Editorial

Steve Kaaru

Surprisingly, Africans use crypto more for speculation than for transacting

You’ve probably heard this countless times before: Africans are turning to crypto to escape the high fees that banks charge them. Many reports have indicated that the number one reason cryptos are becoming popular in Africa is as an alternative financial service. This is partly true. Cryptos are helping millions of Africans find a cheaper and faster alternative to legacy money transfer services. However, surprisingly, Africans are using cryptos more for trading and speculative reasons than for transacting.

As has been well documented, Africa is the most under-banked region in the world. According to the World Bank, 66% of Africans remain unbanked, the highest such proportion in the world. Due to this, the crypto gospel has found a fertile ground in the continent. Services such as Bitpesa, Centbee and Wala have been standout successes, utilizing cryptos to give their users seamless financial services platforms.

However, a majority of Africans aren’t looking at cryptos to make payments and for remittances. Instead, they are using it for speculative purposes. I recently had a talk with Eugene Madondo, an executive at Coindirect, a crypto exchange that operates in several African countries including South Africa and Kenya. According to him, a majority of Africans are using cryptos to trade and in some cases, diversify their investment portfolios. Whenever crypto prices increase ever so slightly, the activity on African crypto exchanges rises significantly. This indicates that a huge chunk of Africans who hold cryptos use them to trade.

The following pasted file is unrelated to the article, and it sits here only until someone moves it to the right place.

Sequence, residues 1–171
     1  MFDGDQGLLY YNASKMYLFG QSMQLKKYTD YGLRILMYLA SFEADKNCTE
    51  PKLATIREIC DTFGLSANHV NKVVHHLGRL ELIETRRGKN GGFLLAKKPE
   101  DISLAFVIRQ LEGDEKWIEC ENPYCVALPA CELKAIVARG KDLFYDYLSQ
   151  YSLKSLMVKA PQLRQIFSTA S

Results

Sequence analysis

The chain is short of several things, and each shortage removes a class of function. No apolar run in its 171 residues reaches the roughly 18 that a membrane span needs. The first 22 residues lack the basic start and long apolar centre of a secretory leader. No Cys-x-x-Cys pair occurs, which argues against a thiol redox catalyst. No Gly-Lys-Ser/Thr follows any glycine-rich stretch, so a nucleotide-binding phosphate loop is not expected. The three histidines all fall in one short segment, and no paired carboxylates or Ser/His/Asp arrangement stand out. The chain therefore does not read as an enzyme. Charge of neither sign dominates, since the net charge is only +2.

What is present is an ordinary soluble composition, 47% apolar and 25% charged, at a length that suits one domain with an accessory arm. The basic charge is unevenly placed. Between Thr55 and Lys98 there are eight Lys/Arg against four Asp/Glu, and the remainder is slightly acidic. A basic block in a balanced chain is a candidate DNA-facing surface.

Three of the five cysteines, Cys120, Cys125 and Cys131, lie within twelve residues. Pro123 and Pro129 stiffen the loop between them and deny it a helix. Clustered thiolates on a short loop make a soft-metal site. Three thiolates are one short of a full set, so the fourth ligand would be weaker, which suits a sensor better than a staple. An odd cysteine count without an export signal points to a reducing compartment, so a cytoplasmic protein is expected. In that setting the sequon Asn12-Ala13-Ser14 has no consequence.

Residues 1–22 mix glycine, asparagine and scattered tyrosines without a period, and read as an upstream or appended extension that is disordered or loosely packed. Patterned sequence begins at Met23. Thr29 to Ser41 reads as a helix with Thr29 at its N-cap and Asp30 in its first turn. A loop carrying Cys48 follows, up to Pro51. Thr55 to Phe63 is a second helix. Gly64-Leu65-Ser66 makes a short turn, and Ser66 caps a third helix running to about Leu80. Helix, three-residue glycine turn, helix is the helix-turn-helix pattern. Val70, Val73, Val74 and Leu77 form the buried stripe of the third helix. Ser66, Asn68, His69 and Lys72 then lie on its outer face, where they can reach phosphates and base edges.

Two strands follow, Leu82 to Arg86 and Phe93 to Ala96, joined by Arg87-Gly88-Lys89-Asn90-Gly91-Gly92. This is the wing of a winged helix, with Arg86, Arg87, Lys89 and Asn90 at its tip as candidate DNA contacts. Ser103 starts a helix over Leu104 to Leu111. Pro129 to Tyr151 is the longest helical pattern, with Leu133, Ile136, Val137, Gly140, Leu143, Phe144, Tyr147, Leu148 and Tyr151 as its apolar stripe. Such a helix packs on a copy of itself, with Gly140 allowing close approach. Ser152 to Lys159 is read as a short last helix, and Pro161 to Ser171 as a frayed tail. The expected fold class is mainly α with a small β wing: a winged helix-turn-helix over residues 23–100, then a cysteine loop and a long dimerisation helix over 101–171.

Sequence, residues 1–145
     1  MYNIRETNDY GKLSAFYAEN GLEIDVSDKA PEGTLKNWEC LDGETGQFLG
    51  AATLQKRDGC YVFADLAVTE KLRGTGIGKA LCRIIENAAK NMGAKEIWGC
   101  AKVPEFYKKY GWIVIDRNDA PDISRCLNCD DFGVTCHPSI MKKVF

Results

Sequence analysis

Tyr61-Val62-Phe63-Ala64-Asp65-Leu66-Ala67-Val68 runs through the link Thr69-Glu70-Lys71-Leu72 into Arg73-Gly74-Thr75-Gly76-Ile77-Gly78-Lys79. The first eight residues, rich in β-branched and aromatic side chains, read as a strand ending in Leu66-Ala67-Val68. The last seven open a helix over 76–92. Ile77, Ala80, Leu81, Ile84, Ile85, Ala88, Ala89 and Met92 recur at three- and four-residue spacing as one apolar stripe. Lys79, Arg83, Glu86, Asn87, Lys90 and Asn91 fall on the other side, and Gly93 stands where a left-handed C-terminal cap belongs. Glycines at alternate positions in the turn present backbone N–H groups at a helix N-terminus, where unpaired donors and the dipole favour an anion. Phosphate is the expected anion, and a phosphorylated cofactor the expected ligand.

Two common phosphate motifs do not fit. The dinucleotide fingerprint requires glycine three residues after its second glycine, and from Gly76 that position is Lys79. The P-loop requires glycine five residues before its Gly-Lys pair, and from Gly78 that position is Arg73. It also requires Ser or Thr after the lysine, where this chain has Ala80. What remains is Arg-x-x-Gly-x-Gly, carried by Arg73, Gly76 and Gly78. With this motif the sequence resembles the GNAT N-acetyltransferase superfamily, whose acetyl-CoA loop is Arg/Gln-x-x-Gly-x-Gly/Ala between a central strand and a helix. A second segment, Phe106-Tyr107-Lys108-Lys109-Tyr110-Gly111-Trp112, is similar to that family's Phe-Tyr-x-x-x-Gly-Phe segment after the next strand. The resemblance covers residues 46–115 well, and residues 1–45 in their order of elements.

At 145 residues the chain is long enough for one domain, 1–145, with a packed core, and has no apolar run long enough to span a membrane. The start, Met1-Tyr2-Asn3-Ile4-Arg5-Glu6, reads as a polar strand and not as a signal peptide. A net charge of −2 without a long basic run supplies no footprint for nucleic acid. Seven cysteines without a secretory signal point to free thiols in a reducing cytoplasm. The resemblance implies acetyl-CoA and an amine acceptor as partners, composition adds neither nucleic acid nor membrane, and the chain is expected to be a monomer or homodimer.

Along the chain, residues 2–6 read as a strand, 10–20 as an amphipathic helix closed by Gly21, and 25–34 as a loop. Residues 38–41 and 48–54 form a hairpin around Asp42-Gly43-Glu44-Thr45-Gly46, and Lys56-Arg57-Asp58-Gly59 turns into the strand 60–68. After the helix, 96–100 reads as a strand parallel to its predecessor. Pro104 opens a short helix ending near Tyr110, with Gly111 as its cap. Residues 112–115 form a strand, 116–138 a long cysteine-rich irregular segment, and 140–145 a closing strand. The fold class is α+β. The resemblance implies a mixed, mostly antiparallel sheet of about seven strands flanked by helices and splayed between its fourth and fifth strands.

Madondo’s observation is supported by the number and distribution of crypto payment options in the continent. In Kenya, the number of retailers that process crypto payments are just a handful. Those that have continued to accept crypto payments even during the crypto winter have also seen the numbers reduce by huge proportions in the past year. Betty’s Place, a restaurant located 150 kilometers from the capital Nairobi, has been one of the standout cases. The proprietor, Beatrice Wambugu, has received global recognition for not only accepting cryptos, but for conducting seminars where she teaches about cryptos and blockchain technology.

Kenya also presents a unique challenge for crypto payments. The country is the birthplace of M-Pesa, a mobile payments service that is used by over 75% of the adult population in the country. The service processes transactions in less than five seconds. Agents who facilitate the payments can be found in even the most remote locations. On the other hand, Bitcoin Core (BTC) transactions take upwards of 10 minutes on average. Sometimes, they can take up to 45 minutes. This makes paying in BTC unrealistic for most Kenyans. There are some blockchains that are much faster, such as Bitcoin SV, which processes transactions in a few seconds. Ripple’s XRP and Dash are also fast; however, merchants accepting these cryptos aren’t as popular as BTC merchants.

Nigeria has done a bit better than Kenya. In the West African country, the number of stores that accept cryptos is a bit higher. In a conversation I recently had with Nathaniel Luz, an executive at Dash Nigeria, he revealed that more crypto enthusiasts are choosing to pay in cryptos. Dash Nigeria is an advocacy group that lobbies for the adoption of Dash cryptocurrency. However, Luz told me that the numbers are still quite low, with many crypto users deciding to hodl until their tokens hit peak prices again.

It’s still not a lost cause. Cryptos are making inroads in the continent that has traditionally lagged behind in terms of adoption. With the use of smartphones and internet penetration increasing with each passing day, cryptos will continue to become popular and in due time, they could become the predominant transactional method in Africa.

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